First of all, what do I now think about the Viable System Model which was the foundation for this music analysis? There is a tendency in the VSM to refer to the different regulating layers allegorically: this is kind-of what I have done with coercion, exhortation, etc. But now I think the VSM is more basic than this: it is simply a way in which a system might organise itself so as to maintain a critical level of diversity in the distinctions it makes. So it not that there is coercion, or disruption or exhortation per se... it is that the system can distinguish between them and can maintain the possibility that any of them might occur.

Furthermore, each distinction (coercion, exhortation, etc) results from a transduction. That it, the conversion of one set of signals into another. Particular transductions attenuate descriptions on one side to a particular type which the transduced system can deal with: so the environment is attenuated by the skin. But equally, any transducer is held in place by the descriptions which arise from the existence of the transducer on its other side. It's a bit like this:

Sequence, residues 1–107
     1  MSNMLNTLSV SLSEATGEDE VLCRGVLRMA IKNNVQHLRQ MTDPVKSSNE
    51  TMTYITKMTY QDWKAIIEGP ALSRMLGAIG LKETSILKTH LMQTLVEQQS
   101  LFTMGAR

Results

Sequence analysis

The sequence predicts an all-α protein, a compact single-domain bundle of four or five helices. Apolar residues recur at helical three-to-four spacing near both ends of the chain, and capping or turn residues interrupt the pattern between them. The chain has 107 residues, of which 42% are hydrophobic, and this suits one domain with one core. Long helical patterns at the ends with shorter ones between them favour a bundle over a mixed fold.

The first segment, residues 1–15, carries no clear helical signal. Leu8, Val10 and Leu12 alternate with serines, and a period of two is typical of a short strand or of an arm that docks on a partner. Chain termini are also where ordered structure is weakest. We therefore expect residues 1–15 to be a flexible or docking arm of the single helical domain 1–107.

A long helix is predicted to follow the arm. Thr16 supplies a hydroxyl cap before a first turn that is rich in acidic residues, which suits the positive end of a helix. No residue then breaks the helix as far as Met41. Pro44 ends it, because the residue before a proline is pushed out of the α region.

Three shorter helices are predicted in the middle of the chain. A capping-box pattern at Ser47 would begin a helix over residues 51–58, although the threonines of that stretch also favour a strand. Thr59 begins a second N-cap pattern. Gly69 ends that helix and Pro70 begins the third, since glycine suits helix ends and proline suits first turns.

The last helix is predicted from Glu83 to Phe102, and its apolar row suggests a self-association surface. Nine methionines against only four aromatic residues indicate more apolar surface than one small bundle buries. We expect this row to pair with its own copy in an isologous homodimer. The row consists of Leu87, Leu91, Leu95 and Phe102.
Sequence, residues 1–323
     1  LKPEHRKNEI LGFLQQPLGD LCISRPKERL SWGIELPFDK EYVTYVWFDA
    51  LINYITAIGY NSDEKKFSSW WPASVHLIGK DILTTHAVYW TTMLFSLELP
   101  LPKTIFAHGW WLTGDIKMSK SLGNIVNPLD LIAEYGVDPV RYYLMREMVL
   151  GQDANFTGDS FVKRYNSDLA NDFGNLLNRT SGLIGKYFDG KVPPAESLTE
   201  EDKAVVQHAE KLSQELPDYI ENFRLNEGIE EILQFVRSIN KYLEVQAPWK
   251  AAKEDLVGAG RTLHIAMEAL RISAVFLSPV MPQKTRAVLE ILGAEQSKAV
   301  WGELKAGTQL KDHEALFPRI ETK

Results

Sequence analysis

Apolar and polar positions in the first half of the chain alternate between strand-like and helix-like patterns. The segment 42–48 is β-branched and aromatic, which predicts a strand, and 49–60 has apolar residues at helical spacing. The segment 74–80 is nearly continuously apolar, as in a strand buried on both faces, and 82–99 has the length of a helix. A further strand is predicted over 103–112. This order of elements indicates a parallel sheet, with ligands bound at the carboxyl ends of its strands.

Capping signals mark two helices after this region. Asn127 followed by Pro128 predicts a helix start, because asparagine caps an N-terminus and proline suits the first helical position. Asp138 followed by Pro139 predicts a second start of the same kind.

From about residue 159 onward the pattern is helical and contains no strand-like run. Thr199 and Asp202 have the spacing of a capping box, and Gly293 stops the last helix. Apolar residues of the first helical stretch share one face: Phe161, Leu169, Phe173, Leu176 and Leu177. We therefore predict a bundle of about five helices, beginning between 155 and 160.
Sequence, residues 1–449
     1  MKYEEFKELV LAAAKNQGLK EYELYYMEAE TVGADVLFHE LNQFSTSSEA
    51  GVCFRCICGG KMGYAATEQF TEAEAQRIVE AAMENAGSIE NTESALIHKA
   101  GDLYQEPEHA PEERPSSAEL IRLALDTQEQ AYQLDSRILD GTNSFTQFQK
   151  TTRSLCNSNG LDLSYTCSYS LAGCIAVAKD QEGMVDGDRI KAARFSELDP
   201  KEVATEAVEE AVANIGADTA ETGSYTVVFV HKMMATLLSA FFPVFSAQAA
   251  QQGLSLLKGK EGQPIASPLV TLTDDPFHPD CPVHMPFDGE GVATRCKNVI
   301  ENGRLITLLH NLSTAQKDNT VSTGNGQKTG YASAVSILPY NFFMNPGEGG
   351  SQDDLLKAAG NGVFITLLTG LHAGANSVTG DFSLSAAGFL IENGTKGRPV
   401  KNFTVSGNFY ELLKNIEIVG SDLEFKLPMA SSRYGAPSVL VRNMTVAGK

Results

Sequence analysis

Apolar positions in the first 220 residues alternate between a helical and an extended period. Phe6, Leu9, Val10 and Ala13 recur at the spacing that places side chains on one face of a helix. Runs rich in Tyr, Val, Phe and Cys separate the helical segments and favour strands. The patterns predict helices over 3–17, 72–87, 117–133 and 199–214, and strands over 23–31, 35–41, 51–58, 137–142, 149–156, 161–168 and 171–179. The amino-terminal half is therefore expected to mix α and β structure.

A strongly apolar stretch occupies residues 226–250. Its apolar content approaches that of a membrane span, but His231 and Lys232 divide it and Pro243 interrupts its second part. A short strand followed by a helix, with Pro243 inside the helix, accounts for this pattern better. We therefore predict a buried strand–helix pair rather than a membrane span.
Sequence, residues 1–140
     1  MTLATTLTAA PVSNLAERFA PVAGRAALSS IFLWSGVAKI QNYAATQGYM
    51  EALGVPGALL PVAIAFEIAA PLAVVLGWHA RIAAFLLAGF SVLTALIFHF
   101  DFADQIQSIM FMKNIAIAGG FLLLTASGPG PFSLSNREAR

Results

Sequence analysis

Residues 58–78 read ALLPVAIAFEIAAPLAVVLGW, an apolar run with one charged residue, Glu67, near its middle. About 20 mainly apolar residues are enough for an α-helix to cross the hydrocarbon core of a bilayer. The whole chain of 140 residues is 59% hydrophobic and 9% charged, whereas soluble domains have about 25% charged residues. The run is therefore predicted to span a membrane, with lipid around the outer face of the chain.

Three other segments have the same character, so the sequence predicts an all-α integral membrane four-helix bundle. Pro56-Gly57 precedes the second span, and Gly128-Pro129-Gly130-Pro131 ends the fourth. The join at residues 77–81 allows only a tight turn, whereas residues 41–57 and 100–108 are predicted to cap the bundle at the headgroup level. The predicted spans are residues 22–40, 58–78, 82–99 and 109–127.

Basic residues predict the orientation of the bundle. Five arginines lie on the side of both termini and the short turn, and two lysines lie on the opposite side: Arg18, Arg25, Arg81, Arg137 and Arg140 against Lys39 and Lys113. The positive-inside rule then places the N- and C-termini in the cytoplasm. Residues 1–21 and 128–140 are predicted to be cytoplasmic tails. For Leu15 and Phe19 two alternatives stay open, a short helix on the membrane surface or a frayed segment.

Each transducer attenuates complexity from the left and generates it to the right. This is where Beer's regulating levels come from in the Viable System Model. 

The trick of a viable system - and any "viable music"  (if it makes sense to talk of that) - is to ensure that the richness of possible transductions and descriptions is maintained. In my music videos I call this richness "Coercion", "exhortation", "disruption" - but the point is not what each is, but that each is different from the others, and that they are maintained together.